Dave The Kayaker

Kayaking, musings, and my mid-life fitness journey. DaveTheKayaker


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Training and tracking

If you haven’t picked up on it by now, I am a firm believer in tracking and measuring as much as possible when it comes to training.  If you can’t measure it then you can’t manage it.

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That’s why I was one of the first people to buy a Skulpt Aim when it came to market. (I actually pre-ordered it before it was commercially available.)

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The Aim is a small, handheld Electrical Impedance Myography (EIM) device that attempts to measure body fat and muscle quality.

I very much loved the device when I first got it but then they changed the firmware at one point and the measurements for body fat were significantly higher than they were before the firmware upgrade. (Less accurate in my opinion.)  For a device that claimed to be more accurate than a DEXA scan when it launched, I couldn’t but wonder, did they lie to me about that accuracy before the firmware update or are they lying to me now?

Within the past few days they’ve rolled out a new version of their app and I’m happy to see they now allows users to export historical data.  It is important to see how you are trending and performing over time because measurement-to-measurement variations seemed to be fairly high in my opinion.

Now that the device seems more useful, I’m blowing the dust off it and will start using it again in my training in addition to the Atlas Wristband tracker for in the gym, the Amiigo wristband for Heart Rate Variability (HRV) while sleeping, the Amazfit Arc for general steps and sleep tracking, and GPS and heart rate monitor while I’m training on water.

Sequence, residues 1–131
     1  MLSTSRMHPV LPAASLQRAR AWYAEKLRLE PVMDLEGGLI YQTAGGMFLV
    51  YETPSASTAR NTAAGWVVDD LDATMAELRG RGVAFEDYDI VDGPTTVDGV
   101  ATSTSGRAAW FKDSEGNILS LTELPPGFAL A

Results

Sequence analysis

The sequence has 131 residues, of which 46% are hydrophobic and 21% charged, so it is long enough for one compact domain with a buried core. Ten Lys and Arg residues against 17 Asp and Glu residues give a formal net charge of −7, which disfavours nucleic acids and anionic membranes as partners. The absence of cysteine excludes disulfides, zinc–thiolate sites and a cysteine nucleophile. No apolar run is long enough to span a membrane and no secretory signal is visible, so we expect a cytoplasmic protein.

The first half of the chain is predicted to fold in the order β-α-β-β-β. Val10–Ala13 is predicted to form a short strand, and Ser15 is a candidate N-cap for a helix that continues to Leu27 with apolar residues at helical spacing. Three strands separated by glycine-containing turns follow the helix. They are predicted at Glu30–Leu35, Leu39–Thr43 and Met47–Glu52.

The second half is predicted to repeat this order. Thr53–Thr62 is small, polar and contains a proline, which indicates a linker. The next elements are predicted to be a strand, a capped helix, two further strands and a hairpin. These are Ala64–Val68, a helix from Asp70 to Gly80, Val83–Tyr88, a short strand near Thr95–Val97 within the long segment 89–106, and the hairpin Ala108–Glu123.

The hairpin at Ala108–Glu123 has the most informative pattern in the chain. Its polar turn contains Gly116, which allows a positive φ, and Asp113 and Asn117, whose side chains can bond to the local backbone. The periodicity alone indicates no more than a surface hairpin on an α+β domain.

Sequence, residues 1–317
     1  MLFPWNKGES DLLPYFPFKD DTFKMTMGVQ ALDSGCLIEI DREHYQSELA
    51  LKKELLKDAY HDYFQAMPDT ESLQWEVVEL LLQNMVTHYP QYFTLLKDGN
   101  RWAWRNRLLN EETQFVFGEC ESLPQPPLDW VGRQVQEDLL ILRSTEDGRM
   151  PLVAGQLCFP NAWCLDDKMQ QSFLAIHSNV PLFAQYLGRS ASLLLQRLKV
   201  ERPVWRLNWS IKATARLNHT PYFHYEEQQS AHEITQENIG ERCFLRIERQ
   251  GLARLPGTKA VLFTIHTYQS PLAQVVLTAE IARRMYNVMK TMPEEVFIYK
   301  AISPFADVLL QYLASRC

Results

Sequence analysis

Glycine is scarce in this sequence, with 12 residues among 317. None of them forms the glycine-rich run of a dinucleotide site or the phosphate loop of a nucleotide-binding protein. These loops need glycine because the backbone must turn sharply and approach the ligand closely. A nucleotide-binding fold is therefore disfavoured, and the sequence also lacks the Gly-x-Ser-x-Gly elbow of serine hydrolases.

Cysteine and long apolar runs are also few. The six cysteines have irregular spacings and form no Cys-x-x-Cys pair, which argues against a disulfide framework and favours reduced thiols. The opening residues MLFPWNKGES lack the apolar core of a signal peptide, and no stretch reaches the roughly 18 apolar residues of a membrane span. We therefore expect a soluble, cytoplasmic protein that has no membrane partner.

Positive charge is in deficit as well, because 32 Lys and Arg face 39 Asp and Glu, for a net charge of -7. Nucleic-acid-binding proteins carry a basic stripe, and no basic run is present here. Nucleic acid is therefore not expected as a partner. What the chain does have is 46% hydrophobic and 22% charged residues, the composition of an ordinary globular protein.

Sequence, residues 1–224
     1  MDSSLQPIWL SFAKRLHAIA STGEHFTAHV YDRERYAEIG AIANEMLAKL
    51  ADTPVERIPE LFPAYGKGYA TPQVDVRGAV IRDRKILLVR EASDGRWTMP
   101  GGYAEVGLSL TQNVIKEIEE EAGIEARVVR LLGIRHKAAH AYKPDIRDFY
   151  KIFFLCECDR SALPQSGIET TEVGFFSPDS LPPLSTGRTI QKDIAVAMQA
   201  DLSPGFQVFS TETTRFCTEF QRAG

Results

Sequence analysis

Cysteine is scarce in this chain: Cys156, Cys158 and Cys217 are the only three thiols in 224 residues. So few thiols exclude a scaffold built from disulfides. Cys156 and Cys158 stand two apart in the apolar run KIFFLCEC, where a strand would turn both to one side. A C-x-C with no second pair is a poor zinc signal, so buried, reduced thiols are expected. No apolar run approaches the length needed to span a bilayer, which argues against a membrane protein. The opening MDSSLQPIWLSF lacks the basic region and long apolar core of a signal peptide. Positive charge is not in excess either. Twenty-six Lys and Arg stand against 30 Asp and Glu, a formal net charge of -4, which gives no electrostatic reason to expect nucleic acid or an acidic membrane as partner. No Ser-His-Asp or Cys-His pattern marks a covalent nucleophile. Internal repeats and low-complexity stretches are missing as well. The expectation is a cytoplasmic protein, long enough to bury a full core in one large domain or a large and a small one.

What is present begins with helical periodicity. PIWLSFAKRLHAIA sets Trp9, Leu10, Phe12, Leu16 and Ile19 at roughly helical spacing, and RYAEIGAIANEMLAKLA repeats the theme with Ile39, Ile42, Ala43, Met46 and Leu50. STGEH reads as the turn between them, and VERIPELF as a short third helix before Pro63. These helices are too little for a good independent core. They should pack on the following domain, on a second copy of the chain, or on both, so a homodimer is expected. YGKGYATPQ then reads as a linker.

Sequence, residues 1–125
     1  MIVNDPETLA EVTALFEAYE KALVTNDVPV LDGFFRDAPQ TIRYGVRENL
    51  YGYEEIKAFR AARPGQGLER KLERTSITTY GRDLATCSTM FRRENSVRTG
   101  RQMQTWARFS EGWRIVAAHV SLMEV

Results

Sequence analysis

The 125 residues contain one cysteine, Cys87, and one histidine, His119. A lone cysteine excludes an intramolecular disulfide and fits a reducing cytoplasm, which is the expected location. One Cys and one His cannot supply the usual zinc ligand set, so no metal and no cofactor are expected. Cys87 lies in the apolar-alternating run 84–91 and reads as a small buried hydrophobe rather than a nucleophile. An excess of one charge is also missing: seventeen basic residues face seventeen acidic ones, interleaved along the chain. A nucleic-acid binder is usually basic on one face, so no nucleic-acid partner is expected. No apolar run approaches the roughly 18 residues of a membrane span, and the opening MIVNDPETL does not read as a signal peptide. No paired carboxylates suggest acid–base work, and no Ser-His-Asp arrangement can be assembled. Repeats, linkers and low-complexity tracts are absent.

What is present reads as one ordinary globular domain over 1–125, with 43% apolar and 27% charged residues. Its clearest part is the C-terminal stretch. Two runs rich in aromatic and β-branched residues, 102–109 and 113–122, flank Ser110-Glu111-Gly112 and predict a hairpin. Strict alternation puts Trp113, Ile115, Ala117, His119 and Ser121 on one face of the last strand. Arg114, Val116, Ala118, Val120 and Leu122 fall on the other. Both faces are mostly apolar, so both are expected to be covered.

Yes, I’m a tech geek and a gizmo guy.

NewSkulpAppMy user history from the Skulpt Aim (last used in January) at least indicates I’ve been moving in the right direction, body fat down, muscle quality up.

I’ll keep you posted on how I like this device post-software upgrade after I return to using it for a little while.

PS – And after a new, full body measurement tonight and only plotting the data since November, I can see I did indeed make progress in the gym over the winter. Now let’s see how much I can make that body fat % drop in the next 6 weeks to be lighter on water.

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My review of the Atlas Wearables Wristband 2 gym tracker

atlasI’ve been looking to replace my Amiigo fitness tracker ever since the company announced they were abandoning the project and all of their customers (a foregone conclusion after 18 months of total silence after they commercially launched the product.  Yes, I’m more than just a little bitter about those sleezebags.)

I was never really happy with the Amiigo device because it was never very good at recognizing activities and only after you would synch workouts with the app would you discover that it failed to recognize many exercises and only recorded them as “upper body burst” or “lower body burst.”  Not at all useful if you take workouts seriously and want to track progress over time.  Especially not useful if you do supersets and don’t have a good memory to remember each and every sequence of exercises you did and the amount of weights you used for each set so you can then painstakingly enter each one into an app after the fact.

Heck, I got the thing to get away from a paper workout log but found the paper more effective.